Myth: Social media is the future.

Reality: Social media is the present. The future is unknown. If your company treats adoption of social media today as some form of future-proofing, chances are when the next big thing comes along, you'll look a lot like those companies who are still trying to figure out what the big deal about the internet is.

Myth: Social media is a passing fad.

Reality: There's a lot of noise but that doesn't mean that there isn't signal. Remember: a lot of businesses fail when they attempt certain things. In the world of SEO, for instance, I'd venture a guess that more than 50% of the companies that have implemented some sort of SEO initiative have failed. Does that mean that SEO is a passing fad? Of course not.

Patricio Robles

Published 27 July, 2009 by Patricio Robles

Patricio Robles is a tech reporter at Econsultancy. Follow him on Twitter.

2391 more posts from this author

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Tom Cheesewright

"Myth: Social media is about conversations."

Not a myth: social media is explicitly about interaction. Conversation is as good an analogy as any for the back and forth of messages, media, and monitoring.

What is a myth is that those conversations have to be entirely positive and always go the customer's way. As you say, Frontier should be respected for holding the line, not bowing to what they saw as an unreasonable complaint, whatever the leverage the complainant tried to employ.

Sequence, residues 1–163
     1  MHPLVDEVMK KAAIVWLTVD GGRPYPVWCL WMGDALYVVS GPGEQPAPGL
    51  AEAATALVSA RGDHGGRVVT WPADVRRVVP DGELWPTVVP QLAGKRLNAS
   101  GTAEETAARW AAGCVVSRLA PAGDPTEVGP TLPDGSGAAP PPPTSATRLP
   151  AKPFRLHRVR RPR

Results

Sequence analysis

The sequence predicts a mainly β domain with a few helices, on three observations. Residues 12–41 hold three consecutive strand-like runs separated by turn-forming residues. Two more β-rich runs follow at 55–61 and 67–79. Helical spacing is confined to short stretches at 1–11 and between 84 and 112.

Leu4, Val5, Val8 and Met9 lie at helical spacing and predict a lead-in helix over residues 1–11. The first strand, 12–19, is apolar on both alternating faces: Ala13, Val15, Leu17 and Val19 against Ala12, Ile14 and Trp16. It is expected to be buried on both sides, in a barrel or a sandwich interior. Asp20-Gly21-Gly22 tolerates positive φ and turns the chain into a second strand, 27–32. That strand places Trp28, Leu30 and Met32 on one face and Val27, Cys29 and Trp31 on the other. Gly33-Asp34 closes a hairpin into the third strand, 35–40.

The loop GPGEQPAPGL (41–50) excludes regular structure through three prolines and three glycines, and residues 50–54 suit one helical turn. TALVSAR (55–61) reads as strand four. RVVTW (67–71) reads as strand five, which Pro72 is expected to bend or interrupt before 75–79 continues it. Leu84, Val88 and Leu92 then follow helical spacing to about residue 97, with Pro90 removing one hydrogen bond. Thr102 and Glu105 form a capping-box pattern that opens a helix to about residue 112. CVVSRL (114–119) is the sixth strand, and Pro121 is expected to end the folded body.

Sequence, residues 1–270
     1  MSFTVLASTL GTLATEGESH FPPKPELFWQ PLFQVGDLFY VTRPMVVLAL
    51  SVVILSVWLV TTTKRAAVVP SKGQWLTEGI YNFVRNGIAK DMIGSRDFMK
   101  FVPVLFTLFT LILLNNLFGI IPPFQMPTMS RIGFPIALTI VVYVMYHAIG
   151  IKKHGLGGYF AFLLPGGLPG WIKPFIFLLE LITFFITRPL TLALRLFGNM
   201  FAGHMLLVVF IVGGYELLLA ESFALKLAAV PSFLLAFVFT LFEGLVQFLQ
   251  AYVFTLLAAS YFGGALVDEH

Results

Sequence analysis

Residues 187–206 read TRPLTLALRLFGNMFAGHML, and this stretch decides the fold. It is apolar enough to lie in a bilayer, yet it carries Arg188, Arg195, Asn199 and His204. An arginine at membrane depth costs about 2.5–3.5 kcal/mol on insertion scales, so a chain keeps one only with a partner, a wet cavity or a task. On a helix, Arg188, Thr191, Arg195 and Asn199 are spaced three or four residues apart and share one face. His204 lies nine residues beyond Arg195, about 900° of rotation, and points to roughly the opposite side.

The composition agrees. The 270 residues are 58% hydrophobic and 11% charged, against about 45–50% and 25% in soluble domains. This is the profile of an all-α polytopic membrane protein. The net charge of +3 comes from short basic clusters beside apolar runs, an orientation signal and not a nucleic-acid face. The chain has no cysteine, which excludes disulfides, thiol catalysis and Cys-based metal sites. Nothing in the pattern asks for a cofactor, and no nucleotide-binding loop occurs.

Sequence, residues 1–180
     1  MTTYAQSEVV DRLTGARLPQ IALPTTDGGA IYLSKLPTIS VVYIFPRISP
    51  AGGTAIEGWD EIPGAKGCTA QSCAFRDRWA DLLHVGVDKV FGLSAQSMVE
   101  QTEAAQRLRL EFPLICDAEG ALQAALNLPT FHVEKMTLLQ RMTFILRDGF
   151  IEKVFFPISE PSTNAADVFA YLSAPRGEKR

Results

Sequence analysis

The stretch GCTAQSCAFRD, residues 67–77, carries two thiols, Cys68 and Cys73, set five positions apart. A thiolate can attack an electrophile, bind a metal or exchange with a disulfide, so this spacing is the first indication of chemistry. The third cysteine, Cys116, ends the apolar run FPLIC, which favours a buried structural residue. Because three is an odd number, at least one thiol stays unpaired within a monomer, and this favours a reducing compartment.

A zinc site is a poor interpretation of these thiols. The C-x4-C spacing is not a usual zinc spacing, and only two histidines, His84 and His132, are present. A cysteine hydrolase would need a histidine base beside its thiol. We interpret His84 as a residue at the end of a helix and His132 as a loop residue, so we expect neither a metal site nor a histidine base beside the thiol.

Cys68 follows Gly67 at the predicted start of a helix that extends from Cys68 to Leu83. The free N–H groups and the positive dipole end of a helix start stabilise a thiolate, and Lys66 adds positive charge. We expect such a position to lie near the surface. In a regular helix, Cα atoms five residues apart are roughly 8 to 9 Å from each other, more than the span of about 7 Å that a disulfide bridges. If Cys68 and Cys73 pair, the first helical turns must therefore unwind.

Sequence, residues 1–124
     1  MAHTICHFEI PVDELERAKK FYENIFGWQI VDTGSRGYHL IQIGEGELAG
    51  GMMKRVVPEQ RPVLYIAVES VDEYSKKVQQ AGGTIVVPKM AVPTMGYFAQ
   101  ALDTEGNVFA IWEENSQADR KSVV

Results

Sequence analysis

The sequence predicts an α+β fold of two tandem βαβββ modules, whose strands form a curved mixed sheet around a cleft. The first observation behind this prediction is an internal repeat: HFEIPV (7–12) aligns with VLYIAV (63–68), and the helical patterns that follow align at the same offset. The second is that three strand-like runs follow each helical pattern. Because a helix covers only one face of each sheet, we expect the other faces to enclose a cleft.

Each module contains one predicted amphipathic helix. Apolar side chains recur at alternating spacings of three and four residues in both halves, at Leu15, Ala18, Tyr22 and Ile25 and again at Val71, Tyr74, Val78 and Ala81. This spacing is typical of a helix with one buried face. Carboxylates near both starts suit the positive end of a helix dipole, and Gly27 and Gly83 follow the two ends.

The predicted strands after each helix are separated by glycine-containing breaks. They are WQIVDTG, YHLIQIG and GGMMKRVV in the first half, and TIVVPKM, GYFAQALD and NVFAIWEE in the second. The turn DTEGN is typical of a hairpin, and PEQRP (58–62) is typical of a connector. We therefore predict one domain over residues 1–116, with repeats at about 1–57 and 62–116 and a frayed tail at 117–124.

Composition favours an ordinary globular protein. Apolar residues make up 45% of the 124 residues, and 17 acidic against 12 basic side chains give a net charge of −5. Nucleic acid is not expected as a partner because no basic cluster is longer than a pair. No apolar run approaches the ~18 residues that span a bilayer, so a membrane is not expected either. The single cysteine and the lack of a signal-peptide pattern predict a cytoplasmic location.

about 7 years ago

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The Barking Unicorn, Denver CO

First sensible thing from an online marketing maven I've read all week, and I deleted nearly 1000 items just yesterday.

Namaste'! ("I bow to you")

about 7 years ago

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eDDy

Hi,

I disagree about the conversations myth.

Tom commented it the way I wanted to, so I won't go further.

ROI can be measured. You're right.

But it's quite hard. The process of ROI measurement involves means and people (and time) that some companies just don't have (they don't want to spend the money to have them, they're too small...).

There are many steps to climb before having real ROI measurement.

I agree that people saying 'it can't be measured' are lazy ; or that these people just provide poorly featured solution.

But that 'reality' is not tat easy to reach.

Anyway, good article here, thanks.

about 7 years ago

Patricio Robles

Patricio Robles, Tech Reporter at Econsultancy

Tom,